H.W. Brands, Woodrow Wilson

James Mann, Rise of the Vulcans;

Melvin Leffler, The Specter of Communism;

Mark Lawrence, The Vietnam War:  A Concise International History

Eugene Burdick and Harvey Wheeler, Fail-Safe.



Students will be evaluated on the basis of a midterm (25 percent of term grade), paper (25 percent), and final (40 percent), and several quizzes.

HIS 334E • Modern Egypt: A History

39240 • Di-Capua, Yoav
Meets TTH 9:30AM-11:00AM WEL 2.312
(also listed as ISL 373, MES 343)
show description

In less than a century Egypt experienced four radically different forms of political community, economic organization and public culture as it swiftly moved from Colonialism to Liberalism, Arab-Socialism and Authoritarian Capitalism. A fifth shift, Islamic Republicanism is pending. In each stage Egypt went through a complete reshuffling of the state structure and public culture. Each of these phases was experienced with great emotional intensity. The aim of this class is to critically examine the social, political and intellectual dynamics which shaped these experiences. What sort of expectations did Egyptians have in each phase, who came up with these revisionist ideas, and who put them to work and how?


Alaa Al Aswani, The Yacoubian Building (Cairo: AUC, 2004)

Latifa al-Zayyat, The Open Door (Cairo: American University in Cairo Press, 2000).

James Jankowski, Egypt: A Short History (Oxford: One World, 2000)

James Jankowski, Israel Gershoni, Egypt, Islam and the Arabs: The Search for Egyptian Nationhood, 1900-1930 (Oxford, 1986),

Selma Botman, “The Liberal Age, 1923-1952,” Cambridge History of Egypt, Vol. II,

Magda Baraka, The Egyptian Upper Class Between Revolutions, 1919-1952 (Reading: Ithaca Press, 1998), pp. 141-209.

Michael Haag, Alexandria: City of Memory (New Haven, Conn.; London: Yale University Press, 2004),


Hamied Ansari, Egypt: The Stalled Society (New York: SUNY, 1986 


Midterm (25%), Final (40%), two Written reports of two single spaced pages each (25%), Participation 10%  Periodical quizzes.

HIS 334J • Hist Of Britain Restoratn-1783

39245 • Vaughn, James
Meets TTH 12:30PM-2:00PM JGB 2.218
(also listed as EUS 346)
show description

This lecture course surveys the political, social, economic, and intellectual history of England (and, after the Union with Scotland in 1707, of Great Britain) from the end of the Interregnum to the conclusion of the War for American Independence.  It focuses on the transformation of England/Britain from an agrarian realm characterized by an absolute monarchy, an intolerant church, and a stagnant economy into a commercial and manufacturing society characterized by a vibrant public sphere, parliamentary rule, a dynamic economy, and unparalleled degrees of civil and religious liberty.  Over the course of this period, England/Britain emerged as a world power overseeing a vast commercial and territorial empire stretching across four continents.  As such, the lectures place English/British history firmly within its European and global contexts.

The major topics covered include the rise of capitalism; Stuart royal absolutism; the Glorious Revolution of 1688/89 and the consolidation of parliamentary government; the Financial Revolution and the fiscal-military state; the British Enlightenment, the public sphere, and civil society; commercialization, urbanization, and consumer society; overseas expansion and imperial transformation; party politics, patriotism, and extra-parliamentary radicalism; the rise of political economy; the American Revolution and the formation of a territorial empire in South Asia; movements for parliamentary reform; and the onset of the Industrial Revolution.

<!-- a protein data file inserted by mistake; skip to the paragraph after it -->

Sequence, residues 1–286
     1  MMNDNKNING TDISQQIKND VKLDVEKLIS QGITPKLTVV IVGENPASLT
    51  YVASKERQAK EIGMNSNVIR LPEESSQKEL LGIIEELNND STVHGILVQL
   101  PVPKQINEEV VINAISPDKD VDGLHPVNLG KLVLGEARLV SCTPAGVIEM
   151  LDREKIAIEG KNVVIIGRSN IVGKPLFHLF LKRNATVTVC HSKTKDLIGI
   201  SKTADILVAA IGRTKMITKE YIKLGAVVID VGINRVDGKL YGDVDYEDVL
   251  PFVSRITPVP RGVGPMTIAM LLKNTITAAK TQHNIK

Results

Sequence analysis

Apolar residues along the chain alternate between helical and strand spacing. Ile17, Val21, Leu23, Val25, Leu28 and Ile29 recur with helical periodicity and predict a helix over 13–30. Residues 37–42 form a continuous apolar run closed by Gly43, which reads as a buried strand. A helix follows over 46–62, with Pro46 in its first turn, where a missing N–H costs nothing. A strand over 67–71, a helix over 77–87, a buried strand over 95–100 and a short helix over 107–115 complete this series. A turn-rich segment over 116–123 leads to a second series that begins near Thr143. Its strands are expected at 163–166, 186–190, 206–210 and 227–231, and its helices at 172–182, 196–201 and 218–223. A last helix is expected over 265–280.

Paul Kléber Monod, Imperial Island: A History of Britain and Its Empire, 1660-1837 (Wiley-Blackwell, 2009).

Steven C. A. Pincus, England’s Glorious Revolution, 1688-1689: A Brief History with Documents (Bedford/St. Martin’s, 2006).

Margaret C. Jacob, The Enlightenment: A Brief History with Documents (Bedford/St. Martin’s, 2001).


Attendance and Participation (10%)

Two Papers (or Short Take-Home Exams) (50%)

Take-Home Final Exam (40%)

HIS 337N • Germany In The 20th Cen-Honors

39250 • Crew, David
Meets TTH 3:30PM-5:00PM GAR 2.128
(also listed as LAH 350, REE 335)
show description

Description: Hitler and the Nazis have given twentieth-century Germany a world-historical significance it would otherwise have lacked. Even from our vantage point, the Nazi regime is still one of the most dramatic and destructive episodes in western European, indeed, in world history. Nazism is synonymous with terror, concentration camps and mass murder. Hitler's war claimed the lives of tens of millions and left Europe in complete ruins. The danger resides in the temptation to view all of German history from the end of the nineteenth-century onwards as merely the pre-history of Nazism, thereby failing to deal with each period on its own terms. And what do we do with the more than half a century of German history since 1945? With the defeat of  Nazi Germany in 1945, the course of German history appears to have experienced a radical break. New political and social systems were imposed upon the two halves of the divided Germany by the victors. The hostilities of the Cold War appeared to ensure a permanent division of Germany, which in 1961 assumed a compelling symbolic form, the Berlin Wall. But in 1989, the dramatic changes in the Soviet Union and Eastern Europe revolutionized East Germany as well. The Berlin Wall came down, East and West Germany were once again joined together in one nation. What exactly this newest version of the German nation will look like in ten or twenty years is still unclear.